Only Anecdotal

No numbers, just stories

Control

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Later this week, I have to go to a meeting to discuss a training module created on the topic of “consumer control”. Now, for those of us in the disability world, these words have powerful meaning: a tenet of independent living, of disability rights, of civil rights across the board, when you get right down to it. And yet, I am anticipating more attempts once more to water down the rhetoric, to emphasize the progress that has been made in “person-centered” service delivery, in “consumer-directed” service delivery, in shared decision making. And while these attempts to include the consumer/patient/client in the discussion about care and services are better than total exclusion of the person, they are still missing the point.

In my work, the number one complaint I hear from people when they refuse services that are available to them is that the services were somehow intrusive, inappropriate or judgmental. I hear that they are not what the person wanted or perhaps even needed, but that someone–a professional of some sort–convinced a person to accept help, or care–or it was just done for (to) them.

One person determining “what is best” for another person is not an exercise of equality in the least. In fact, as the person–or family in the case of a child–is seen as the receiver of something, rather than as the subject of a service-related relationship, the relationship is skewed from the start. Is it any wonder that people do not follow service plans when they are not the ones who are in charge of them?

Loss of control is perhaps the most frightening part about the aging process, and also within the world of illness and disability, if for different reasons. We seem to have a desire as a society to protect those who do not fit the stereotype of what we deem fit and strong. A number alone–a number of years–can determine whether a person is clumsy, or a fall risk. It can determine whether someone is categorically entitled to certain services, like meals on wheels. It seems to invite sudden permission to resort to diminutives when addressing a person whose name we do not know. And for people with disabilities, if the notion does not invite pity, it may well invite fear, as we avoid the issue of difference entirely simply by not considering access of all sorts, by not even entertaining the possibility of a wheelchair, or a seizure, or an inability to speak.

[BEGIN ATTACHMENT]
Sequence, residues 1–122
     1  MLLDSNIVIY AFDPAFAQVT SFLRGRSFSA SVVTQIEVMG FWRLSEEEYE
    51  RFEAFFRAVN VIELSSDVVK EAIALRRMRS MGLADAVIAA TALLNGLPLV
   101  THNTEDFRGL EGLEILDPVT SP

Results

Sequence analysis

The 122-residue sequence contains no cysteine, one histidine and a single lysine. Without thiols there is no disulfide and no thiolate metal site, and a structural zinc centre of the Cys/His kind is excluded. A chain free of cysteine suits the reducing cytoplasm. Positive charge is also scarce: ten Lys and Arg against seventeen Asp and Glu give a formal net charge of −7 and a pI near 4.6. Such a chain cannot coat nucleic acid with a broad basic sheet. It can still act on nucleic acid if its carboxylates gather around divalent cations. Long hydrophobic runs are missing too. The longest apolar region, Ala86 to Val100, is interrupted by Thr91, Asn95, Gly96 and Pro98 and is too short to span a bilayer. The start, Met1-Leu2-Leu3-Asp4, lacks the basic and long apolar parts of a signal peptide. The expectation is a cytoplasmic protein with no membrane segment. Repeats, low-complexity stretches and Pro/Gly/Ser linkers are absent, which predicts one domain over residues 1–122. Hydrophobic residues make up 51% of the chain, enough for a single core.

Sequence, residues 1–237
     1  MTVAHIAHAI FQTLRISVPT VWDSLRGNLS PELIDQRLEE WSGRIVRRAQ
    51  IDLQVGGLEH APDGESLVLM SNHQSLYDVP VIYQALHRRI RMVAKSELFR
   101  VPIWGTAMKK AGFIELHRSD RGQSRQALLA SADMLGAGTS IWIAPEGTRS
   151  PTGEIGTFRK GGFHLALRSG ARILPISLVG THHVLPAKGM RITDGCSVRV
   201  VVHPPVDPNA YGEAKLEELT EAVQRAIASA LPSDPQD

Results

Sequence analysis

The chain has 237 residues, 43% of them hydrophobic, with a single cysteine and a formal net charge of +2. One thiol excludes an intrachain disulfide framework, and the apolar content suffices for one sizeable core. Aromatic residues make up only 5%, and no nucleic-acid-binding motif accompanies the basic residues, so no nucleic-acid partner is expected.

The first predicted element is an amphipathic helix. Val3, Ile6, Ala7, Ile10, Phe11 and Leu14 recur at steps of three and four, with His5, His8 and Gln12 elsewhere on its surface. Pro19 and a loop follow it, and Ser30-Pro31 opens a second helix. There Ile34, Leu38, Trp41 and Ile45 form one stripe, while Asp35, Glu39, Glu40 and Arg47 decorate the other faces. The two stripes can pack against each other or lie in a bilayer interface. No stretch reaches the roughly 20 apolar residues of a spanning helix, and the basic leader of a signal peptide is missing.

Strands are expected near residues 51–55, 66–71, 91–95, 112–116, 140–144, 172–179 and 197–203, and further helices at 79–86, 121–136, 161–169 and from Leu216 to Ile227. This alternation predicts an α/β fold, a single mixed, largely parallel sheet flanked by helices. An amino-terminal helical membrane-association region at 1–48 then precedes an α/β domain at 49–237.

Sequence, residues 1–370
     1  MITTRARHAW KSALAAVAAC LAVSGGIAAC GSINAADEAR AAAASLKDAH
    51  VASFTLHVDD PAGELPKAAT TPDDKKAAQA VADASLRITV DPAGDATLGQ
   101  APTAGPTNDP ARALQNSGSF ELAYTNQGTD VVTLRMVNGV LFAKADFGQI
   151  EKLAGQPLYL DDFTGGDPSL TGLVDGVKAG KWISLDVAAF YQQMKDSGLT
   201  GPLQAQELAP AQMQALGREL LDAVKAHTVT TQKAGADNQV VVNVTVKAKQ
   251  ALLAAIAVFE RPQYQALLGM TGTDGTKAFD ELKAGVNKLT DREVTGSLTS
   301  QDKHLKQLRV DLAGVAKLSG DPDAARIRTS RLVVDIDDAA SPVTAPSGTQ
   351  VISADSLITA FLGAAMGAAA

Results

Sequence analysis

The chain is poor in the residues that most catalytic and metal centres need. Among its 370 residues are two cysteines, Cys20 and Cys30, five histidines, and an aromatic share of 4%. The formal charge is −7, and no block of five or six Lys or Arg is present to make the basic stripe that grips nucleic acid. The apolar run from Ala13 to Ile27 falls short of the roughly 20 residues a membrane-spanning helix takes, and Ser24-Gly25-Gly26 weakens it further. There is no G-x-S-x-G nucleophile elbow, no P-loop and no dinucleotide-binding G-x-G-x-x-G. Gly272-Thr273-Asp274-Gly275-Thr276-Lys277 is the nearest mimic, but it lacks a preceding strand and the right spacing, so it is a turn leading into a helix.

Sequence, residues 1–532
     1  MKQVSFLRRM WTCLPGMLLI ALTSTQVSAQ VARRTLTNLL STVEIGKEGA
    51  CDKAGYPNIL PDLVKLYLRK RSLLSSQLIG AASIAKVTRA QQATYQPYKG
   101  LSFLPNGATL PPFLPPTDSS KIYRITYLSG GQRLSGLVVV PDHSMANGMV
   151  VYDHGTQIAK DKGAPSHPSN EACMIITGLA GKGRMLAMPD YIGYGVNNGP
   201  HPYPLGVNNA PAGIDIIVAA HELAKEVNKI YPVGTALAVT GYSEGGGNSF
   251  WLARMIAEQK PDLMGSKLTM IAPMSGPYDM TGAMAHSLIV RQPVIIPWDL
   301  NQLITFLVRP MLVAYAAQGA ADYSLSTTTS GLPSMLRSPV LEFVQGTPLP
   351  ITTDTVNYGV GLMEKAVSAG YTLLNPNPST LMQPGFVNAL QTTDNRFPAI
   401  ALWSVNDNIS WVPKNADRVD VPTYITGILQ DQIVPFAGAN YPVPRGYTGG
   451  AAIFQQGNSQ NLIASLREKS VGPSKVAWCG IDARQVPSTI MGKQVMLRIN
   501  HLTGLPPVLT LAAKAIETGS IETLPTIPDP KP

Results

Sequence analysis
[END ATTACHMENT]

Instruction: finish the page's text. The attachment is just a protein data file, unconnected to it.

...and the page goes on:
But we as professionals may well envision our perfect worlds for people. We may know the most effective treatments, and the best living conditions for a certain set of circumstances. And actually, we may have some great ideas based on the experience we have and the things we have seen. But always, always, our consumers are the best teachers we have. It is necessary not only to listen, but to relinquish the reins to them. We work not with the people we serve, but for them. Really. It matters that much. The medical care we give, the services we set up, everything we do should start and end with the same sort of relationship I would expect if I walked into an Apple store, and told the worker what I need my I-Pad to do for me. And we should deliver–and if we cannot, we should go back and figure out how to respond to the need we were unable to fulfill.

I talk to a lot of people who are very good at creating their own solutions that really do meet their needs. A man I met a few weeks ago was in a quandary when he needed a doctor’s signature to complete a transportation form. He had stopped seeing the doctor, because he had pooh-poohed the man’s choice of a treatment that was not what the doctor had recommended–even though that treatment had been effective in the end. A woman sat in a nursing home for months, complaining endlessly to whomever would listen, that she did not want to be there, that she wanted to go home. And yet, over and over she had been told that she was too weak, that she could not manage on her own, that she was not safe. This sort of prison must be the ultimate loss of control in our society. (Now she is home, safe.)

I had a dream not so long ago that prescriptions for medicationss were a thing of the past. All medicines were legal, and available, and we just took them if we thought we needed them, consulted with professionals if we thought we needed to. I know it sounds medieval, and reckless to some, but I wonder as the world becomes wilder, as we self-publish and grow, if we cannot reinvent the sort of control we have as individuals to determine our own needs, if we cannot let go of our own (perhaps unconscious) desire to “help” others (which is another word for controlling them), if we cannot see fit to trust–truly–in the ability of those whose abilities are different from our own to make decisions about their own lives.

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